The effects of adding extra amounts of dl-methionine, choline chloride, or betaine chloride upon the occurrence of liver cancer in rats fed a 16 per cent casein diet containing 0.25 per cent ethionine was investigated. The addition of 0.6 or 0.8 per cent methionine completely prevented all the chronic morphologic changes in the liver, including liver cancer. Lower levels of methionine were partially effective. The addition of choline supplements to the ethioninecontaining diet was of limited effectiveness in reducing the incidence of liver cancer. Three levels of added choline, 0.3, 0.6, and 0.8 per cent, all exerted about an equal degree of protection. Betaine was more effective than choline and somewhat less effective than methionine in preventing liver cancer. On the basis of what is known concerning the possible importance of chronic choline deficiency in the carcinogenic action of ethionine, it is concluded that the induction of a choline deficiency is probably not an important mechanism in ethionine carcinogenesis. The preponderance of evidence favors the view that ethionine exerts its carcinogenic effect by interference with some as yet unidentified metabolic reaction of methionine.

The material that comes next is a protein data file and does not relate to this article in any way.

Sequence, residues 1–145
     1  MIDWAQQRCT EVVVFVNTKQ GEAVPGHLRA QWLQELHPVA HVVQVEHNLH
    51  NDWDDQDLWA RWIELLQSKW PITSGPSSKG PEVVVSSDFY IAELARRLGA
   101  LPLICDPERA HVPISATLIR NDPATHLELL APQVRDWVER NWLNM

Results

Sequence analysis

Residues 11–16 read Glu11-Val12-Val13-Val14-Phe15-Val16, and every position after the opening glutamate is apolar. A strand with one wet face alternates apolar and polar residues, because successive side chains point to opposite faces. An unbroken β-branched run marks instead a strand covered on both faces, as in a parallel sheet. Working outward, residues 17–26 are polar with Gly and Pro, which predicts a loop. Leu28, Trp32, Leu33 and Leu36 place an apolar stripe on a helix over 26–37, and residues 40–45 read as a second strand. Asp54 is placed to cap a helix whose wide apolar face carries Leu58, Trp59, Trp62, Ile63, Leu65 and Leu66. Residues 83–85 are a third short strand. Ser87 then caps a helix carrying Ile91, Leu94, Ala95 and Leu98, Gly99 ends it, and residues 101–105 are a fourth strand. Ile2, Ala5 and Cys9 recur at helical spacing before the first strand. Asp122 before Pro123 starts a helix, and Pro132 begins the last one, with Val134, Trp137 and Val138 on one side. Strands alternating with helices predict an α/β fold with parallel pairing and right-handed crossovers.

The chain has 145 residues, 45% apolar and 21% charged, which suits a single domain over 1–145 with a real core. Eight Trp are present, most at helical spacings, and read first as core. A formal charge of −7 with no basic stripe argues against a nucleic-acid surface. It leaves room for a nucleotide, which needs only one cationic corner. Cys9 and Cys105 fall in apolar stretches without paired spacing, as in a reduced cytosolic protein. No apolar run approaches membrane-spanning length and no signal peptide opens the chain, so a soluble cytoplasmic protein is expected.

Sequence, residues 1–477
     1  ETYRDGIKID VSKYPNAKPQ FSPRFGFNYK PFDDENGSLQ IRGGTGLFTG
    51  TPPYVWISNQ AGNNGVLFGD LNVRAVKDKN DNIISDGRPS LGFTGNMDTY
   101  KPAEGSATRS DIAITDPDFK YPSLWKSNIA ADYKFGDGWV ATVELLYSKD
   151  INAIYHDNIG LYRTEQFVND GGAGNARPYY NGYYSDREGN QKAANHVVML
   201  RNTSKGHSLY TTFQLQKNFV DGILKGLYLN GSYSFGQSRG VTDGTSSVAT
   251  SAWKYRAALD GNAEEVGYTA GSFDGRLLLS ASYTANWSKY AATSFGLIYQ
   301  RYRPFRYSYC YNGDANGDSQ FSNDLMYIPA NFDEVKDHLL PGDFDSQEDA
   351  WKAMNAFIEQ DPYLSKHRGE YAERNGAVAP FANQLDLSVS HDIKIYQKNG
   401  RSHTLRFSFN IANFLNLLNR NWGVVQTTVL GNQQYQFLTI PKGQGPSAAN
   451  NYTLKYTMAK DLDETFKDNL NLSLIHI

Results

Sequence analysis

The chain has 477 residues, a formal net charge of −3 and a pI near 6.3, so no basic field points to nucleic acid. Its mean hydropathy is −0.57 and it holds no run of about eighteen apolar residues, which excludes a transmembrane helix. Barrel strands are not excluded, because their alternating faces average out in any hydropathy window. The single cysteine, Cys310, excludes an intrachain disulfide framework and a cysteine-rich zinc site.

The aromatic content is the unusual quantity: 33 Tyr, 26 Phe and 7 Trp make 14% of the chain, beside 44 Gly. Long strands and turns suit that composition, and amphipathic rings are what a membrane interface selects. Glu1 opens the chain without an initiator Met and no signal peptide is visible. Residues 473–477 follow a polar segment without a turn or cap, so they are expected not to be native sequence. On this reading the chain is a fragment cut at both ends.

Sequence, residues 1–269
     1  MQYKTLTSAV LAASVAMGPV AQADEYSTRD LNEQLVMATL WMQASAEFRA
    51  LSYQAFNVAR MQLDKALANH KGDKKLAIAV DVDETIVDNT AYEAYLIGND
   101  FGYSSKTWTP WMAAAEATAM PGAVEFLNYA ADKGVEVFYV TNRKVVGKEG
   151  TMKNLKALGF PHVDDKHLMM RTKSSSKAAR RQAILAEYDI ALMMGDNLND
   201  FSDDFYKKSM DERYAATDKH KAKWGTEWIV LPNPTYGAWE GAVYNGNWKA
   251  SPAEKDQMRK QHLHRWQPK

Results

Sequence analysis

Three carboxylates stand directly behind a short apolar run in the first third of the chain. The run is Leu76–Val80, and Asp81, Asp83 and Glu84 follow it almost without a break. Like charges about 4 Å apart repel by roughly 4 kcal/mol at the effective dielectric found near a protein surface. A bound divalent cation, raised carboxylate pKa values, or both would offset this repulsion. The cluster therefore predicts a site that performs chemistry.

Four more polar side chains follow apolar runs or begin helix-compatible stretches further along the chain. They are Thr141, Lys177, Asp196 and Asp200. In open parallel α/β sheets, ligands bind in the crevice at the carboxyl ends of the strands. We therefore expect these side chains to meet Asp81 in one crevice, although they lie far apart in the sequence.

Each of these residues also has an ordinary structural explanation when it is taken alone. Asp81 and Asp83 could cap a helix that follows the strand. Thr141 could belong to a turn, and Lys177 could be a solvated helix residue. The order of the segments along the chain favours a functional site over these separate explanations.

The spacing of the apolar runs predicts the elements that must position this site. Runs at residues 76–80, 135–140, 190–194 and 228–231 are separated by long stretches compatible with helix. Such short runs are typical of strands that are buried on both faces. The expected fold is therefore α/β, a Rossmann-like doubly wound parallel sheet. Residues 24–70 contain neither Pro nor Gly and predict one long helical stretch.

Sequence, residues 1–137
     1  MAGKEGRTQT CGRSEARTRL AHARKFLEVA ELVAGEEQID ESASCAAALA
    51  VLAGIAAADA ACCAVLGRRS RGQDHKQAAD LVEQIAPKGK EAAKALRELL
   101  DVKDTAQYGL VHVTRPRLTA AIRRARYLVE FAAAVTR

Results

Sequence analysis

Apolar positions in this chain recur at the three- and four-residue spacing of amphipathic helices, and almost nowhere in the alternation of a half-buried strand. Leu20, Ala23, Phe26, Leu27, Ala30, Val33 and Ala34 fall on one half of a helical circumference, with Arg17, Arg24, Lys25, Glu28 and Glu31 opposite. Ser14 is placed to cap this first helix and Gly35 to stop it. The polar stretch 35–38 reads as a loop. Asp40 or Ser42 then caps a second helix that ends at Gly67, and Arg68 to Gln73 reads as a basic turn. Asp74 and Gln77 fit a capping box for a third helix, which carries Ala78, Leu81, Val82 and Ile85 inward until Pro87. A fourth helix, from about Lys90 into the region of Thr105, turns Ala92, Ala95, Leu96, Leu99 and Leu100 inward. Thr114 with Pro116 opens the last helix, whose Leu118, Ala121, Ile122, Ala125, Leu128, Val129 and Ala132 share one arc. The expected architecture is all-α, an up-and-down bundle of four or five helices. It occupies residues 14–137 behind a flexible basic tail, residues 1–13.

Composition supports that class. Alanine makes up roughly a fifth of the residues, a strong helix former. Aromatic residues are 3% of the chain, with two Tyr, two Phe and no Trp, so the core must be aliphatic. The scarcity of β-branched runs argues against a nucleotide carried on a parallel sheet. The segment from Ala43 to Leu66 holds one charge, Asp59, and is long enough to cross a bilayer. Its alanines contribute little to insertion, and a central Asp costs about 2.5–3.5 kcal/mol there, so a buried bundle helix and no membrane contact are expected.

Supported in part by grants from the American Cancer Society, the National Institute of Arthritis and Metabolic Diseases of the U. S. Public Health Service (Grant No. A-610), and the Life Insurance Medical Research Fund. A preliminary report of some of this work was presented at the 1957 annual meeting of the American Association for Cancer Research in Chicago.